Brissie’s life and career in sports changed on Dec. 7, 1944. On that day, while serving in Italy with the 88th Infantry Division, Brissie was hit by artillery fire. The shell shattered his left shinbone into more than 30 pieces. He also broke his left ankle and right foot.

The doctors wanted to amputate Brissie’s leg, but he somehow persuaded them to send him to an evacuation hospital.

Three years later, Brissie overcame that injury and near loss of his leg to begin his career in major league baseball.

The left-hander made his Major League debut in 1947 with the Philadelphia Athletics. Because of the injury, Brissie pitched in a leg brace, but still managed to finish his career with a 44-48 record in 897.2 innings pitched. He also had 436 strikeouts and a 4.07 career earned run average.

One of Brissie’s biggest seasons came in 1949 with the Athletics. Brissie finished with a 16-11 record, 118 strikeouts and a 4.28 ERA, in 229.1 innings pitched.

Grantland Rice, famed sportswriter who coined the Four Horseman nickname for Notre Dame’s football team in the 1920s, wrote about the courageous performance of Brissie in an article in Sport magazine in 1948 on the stars of the Textile League.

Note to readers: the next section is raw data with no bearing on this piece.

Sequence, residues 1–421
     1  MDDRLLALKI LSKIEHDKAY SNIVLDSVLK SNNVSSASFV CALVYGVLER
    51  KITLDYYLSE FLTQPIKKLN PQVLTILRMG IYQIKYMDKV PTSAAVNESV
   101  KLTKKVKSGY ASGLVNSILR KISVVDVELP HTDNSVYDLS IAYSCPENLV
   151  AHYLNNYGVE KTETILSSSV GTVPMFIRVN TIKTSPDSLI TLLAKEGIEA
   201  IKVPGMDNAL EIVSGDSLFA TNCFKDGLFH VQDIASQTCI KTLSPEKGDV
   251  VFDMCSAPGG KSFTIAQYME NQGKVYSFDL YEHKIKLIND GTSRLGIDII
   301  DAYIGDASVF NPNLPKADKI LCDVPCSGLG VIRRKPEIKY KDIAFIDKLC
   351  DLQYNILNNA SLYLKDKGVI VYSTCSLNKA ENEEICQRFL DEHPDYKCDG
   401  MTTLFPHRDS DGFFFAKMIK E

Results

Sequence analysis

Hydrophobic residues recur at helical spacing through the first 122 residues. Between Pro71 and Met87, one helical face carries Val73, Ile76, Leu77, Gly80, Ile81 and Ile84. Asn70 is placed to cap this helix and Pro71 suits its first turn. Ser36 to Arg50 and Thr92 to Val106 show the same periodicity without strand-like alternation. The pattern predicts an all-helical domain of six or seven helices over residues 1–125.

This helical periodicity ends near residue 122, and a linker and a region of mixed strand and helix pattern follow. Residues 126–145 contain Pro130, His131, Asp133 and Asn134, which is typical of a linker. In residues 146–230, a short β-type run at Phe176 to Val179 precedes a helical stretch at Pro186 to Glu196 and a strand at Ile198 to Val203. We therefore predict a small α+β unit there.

“Venerable Connie Mack came up with one of the real finds of the year,” Rice wrote. “Lou Brissie, a 215-pound southpaw, has captured the hearts of baseball fans everywhere by his courageous triumph over a severe leg injury and by his performance on the mound.”

“There have been many stories of servicemen who barely escaped death and returned to play ball again. Lou Brissie’s case puts him on top. Brissie’s left leg was all but torn away by shell fragments in the Italian campaign. Only his great determination to play baseball again saved Brissie from losing the the leg. With the help of a heavy protective brace, Lou returned to the mound, winning 23 and losing only 5 in the Sally League last year.”

Brissie was June 5, 1924 in Anderson, South Carolina. He graduated from Ware Shoals High School in Ware Shoals, South Carolina. Today, Brissie lives in North Augusta, S.C. Following his career in baseball, Brissie became the national director of the American Legion baseball program.

In 1994, he was inducted into the South Atlanta League’s Hall of Fame.